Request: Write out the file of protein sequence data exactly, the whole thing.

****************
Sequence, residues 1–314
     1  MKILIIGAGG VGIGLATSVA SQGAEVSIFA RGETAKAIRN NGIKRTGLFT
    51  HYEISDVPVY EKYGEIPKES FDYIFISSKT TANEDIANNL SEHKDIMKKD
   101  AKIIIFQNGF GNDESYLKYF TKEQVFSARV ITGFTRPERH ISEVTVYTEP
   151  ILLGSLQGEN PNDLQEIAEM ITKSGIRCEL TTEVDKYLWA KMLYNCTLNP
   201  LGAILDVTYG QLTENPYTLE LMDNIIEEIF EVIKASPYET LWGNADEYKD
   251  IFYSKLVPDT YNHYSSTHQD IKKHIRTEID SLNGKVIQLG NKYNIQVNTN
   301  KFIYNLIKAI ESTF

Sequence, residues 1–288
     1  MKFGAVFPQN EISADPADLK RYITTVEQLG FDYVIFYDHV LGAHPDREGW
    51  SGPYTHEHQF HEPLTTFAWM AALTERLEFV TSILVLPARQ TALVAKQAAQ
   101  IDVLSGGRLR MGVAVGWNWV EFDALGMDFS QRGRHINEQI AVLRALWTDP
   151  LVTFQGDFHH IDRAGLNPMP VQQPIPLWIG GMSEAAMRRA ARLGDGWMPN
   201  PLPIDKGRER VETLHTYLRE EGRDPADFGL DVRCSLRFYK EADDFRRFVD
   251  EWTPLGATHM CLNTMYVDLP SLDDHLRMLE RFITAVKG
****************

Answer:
Sequence, residues 1–314
     1  MKILIIGAGG VGIGLATSVA SQGAEVSIFA RGETAKAIRN NGIKRTGLFT
    51  HYEISDVPVY EKYGEIPKES FDYIFISSKT TANEDIANNL SEHKDIMKKD
   101  AKIIIFQNGF GNDESYLKYF TKEQVFSARV ITGFTRPERH ISEVTVYTEP
   151  ILLGSLQGEN PNDLQEIAEM ITKSGIRCEL TTEVDKYLWA KMLYNCTLNP
   201  LGAILDVTYG QLTENPYTLE LMDNIIEEIF EVIKASPYET LWGNADEYKD
   251  IFYSKLVPDT YNHYSSTHQD IKKHIRTEID SLNGKVIQLG NKYNIQVNTN
   301  KFIYNLIKAI ESTF

Sequence, residues 1–288
     1  MKFGAVFPQN EISADPADLK RYITTVEQLG FDYVIFYDHV LGAHPDREGW
    51  SGPYTHEHQF HEPLTTFAWM AALTERLEFV TSILVLPARQ TALVAKQAAQ
   101  IDVLSGGRLR MGVAVGWNWV EFDALGMDFS QRGRHINEQI AVLRALWTDP
   151  LVTFQGDFHH IDRAGLNPMP VQQPIPLWIG GMSEAAMRRA ARLGDGWMPN
   201  PLPIDKGRER VETLHTYLRE EGRDPADFGL DVRCSLRFYK EADDFRRFVD
   251  EWTPLGATHM CLNTMYVDLP SLDDHLRMLE RFITAVKG